I don’t do FB or any of that so I wonder just how far any of that info will get without posting it on the actual official web site and places not on FB.

        And there are some of us who also don’t bicker with the larger NGOs whether we agree with their efforts or not. If/when they snub you, what have you got then? A much smaller voice to express your points with, that’s what.

        I am glad that there is fresh blood out there to carry on with the battle, I wish you great success… carry on, hope you don’t bleed to death and can actually get something worthwhile accomplished.

        Don’t get me wrong here, I am thankful for your efforts but I don’t think the commission is really acting in that much good faith here.

      • avatar Mareli says:

        Thank you, Kristi. I’m sure you are doing your damnedest to prevent the wolf-haters from killing more. It must be hard to even talk to those people.

  7. avatar Robert Bunch says:

    “This whole situation seems pretty flimsy on the part of FW$P and I’m thinking they only decided to do this because it made international news and they didn’t know what else to do since the whole planet is watching them at the moment. I’m far from being impressed by this action.”

    They may have done it reluctantly but it just goes to show what some serious pressure and publicity can do.

    I say keep the pressure constant and raise your voices with letters, emails, contact your congress persons etc. Thats what the anti-wolf crowd does.

    • avatar Mark L says:

      The more eyes the better. Sunshine (as in sunshine laws) is what’s going to keep wolves around…wolverine and griz too. Stuff done by people in ‘the fog’ and in the dark (smoke filled rooms?) are by nature going to bring predators down….just our nature.

    • avatar Kristi Lloyd says:

      Especially now and yes hammer away now that MFWP opened the door. Focus on WY, they have a serious public image problem right now…the wolf hunt, the loss of 06, three lawsuits. Tell the outfitters who rely on summer visitors for rafting, etc. that you will not be giving your money to them or any other business that is related to killing wolves. The door has been opened, go through it.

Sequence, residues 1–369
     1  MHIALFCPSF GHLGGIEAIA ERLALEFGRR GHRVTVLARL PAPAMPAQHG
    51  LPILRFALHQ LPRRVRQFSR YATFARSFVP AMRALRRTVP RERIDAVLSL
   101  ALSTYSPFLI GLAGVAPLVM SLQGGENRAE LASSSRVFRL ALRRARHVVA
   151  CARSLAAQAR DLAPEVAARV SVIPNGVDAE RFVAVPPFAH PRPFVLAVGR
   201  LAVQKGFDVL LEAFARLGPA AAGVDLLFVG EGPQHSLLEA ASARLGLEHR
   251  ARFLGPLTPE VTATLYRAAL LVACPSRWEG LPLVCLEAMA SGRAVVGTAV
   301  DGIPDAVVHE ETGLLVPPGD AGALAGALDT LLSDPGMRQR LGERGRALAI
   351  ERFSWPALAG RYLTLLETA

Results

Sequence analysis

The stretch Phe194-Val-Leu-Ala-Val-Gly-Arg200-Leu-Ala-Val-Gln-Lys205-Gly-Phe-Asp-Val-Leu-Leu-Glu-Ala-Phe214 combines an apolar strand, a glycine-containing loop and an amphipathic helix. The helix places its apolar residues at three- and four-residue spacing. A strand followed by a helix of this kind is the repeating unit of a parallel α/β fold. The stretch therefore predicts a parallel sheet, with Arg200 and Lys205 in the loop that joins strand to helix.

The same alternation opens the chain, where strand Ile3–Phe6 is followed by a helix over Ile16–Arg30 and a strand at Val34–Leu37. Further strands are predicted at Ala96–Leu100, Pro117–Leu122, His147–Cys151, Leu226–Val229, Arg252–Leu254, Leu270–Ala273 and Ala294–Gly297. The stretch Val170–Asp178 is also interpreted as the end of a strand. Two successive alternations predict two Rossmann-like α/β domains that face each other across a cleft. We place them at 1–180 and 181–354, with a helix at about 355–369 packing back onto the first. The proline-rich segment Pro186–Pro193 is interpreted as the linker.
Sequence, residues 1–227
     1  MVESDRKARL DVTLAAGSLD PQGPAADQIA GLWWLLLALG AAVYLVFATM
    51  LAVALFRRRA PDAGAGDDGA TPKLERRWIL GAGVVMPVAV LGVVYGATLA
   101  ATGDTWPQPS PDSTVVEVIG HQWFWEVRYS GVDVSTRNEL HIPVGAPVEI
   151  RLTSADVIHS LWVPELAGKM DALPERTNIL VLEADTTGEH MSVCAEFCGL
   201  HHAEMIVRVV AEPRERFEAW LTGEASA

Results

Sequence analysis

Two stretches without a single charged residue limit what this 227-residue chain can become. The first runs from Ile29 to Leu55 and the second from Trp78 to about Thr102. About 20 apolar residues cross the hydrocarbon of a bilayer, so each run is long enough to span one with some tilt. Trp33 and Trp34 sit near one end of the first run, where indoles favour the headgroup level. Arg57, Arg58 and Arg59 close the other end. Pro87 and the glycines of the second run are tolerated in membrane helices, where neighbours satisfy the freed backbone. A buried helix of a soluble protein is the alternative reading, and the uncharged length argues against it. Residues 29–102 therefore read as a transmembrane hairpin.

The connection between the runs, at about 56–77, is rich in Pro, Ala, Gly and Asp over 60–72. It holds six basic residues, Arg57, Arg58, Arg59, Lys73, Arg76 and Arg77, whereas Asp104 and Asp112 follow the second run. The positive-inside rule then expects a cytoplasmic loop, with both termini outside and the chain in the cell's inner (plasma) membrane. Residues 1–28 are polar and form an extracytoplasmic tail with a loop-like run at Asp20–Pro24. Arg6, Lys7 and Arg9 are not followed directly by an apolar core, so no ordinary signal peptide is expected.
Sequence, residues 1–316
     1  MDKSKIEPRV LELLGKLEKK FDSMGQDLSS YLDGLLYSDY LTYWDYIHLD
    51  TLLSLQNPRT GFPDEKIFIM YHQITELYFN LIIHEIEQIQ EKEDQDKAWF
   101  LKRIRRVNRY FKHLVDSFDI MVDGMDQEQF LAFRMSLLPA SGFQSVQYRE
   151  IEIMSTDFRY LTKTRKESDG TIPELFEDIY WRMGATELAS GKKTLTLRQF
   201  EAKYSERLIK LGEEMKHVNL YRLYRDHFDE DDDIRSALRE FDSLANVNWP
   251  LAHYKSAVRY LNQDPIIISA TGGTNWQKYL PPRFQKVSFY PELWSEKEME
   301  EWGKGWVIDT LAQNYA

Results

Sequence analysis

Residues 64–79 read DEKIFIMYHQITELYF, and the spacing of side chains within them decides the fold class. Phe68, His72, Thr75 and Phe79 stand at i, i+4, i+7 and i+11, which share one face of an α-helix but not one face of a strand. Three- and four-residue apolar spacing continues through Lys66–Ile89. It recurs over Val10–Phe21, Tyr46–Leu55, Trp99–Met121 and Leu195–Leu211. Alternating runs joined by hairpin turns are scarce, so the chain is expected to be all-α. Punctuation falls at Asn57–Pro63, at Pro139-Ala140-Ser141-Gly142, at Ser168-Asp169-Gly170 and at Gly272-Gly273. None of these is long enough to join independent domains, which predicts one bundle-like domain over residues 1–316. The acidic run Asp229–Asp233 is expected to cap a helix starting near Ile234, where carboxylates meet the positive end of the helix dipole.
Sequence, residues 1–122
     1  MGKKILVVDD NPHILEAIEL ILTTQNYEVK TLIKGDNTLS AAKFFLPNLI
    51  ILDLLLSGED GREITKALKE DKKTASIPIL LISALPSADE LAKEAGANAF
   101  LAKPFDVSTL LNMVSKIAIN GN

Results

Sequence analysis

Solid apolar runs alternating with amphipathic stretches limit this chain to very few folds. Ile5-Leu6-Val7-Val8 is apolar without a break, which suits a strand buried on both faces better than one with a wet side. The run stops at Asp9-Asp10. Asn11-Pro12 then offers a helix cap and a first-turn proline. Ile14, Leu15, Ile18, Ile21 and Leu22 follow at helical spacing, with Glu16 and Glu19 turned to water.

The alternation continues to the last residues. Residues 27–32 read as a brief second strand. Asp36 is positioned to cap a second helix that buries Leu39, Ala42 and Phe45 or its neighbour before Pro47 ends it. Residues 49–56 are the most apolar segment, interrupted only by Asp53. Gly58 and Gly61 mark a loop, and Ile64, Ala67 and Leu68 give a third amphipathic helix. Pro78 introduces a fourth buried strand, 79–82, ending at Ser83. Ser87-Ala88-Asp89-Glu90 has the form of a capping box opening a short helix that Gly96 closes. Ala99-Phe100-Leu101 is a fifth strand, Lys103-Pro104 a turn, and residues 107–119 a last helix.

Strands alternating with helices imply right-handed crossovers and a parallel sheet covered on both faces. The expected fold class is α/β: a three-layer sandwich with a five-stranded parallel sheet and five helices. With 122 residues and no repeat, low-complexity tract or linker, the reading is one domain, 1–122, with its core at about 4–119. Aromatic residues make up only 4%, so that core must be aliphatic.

• avatar Ida Lupine says:

      I also think that things have gotten far out of hand now and this action could be to send a message to the extreme wolf haters, not hunters. If they continue to act irresponsibly and to dishonor the agreement made, they could lose. I’m very happy to hear about this new arrangement to protect the parks on Montana’s part, well done.

  8. avatar Leslie says:

    thanks Kristi for you and your organization’s work on this. I am curious what, besides getting rid of ‘predator’ status, you would propose for the next WY trophy hunt? The NGO’s suing are concentrating on the predator status only, but this hunt brings up new issues in the trophy zone as well.

  9. avatar Richie G. says:

    Thanks Kristi; And to all you wolf lovers,these wolf haters follow in the same tracks as most republicans,they go too far,then say what happened ?

  10. avatar PNW says:

    Thanks Kristi and Wildlife news for your tireless work and for helping us stay informed. Shooting Yellowstone wolves just outside park boundaries is clearly wrong when it is obvious that these wolves have a pack to return to inside the park. Allowing hunting and trapping so close to Yellowstone NP boundaries is divisive and counterproductive. I think the fact that Montana has created a boundary is an important step in the right direction and should be recognized as such. I’ve composed a letter expressing concern on this particular issue as it relates to Wyoming, and am wondering if you have suggestions as to whom I should send letters to in order to have the most impact.

  11. avatar CodyCoyote says:

    Don’t expect Wyoming to follow suit in any way shape or form —as in letting wolves use the wilderness areas east and south of YNP more liberally, as a defacto hunting buffer by prohibiting the shooting of any collared wolves during these alleged ” trophy hunts “.

    That would be too easy and too sensible. Doesn’t pass the Cowboy Inquisition dogma test.

    • avatar Leslie says:

      Cody, what they could do is reduce the numbers and shorten the seasons in certain designated hunt areas. Area 2, my area, was just ridiculous with 8 wolves, the highest quota of any hunt zone, and we now know at least 2 were YNP wolves.

      • avatar Salle says: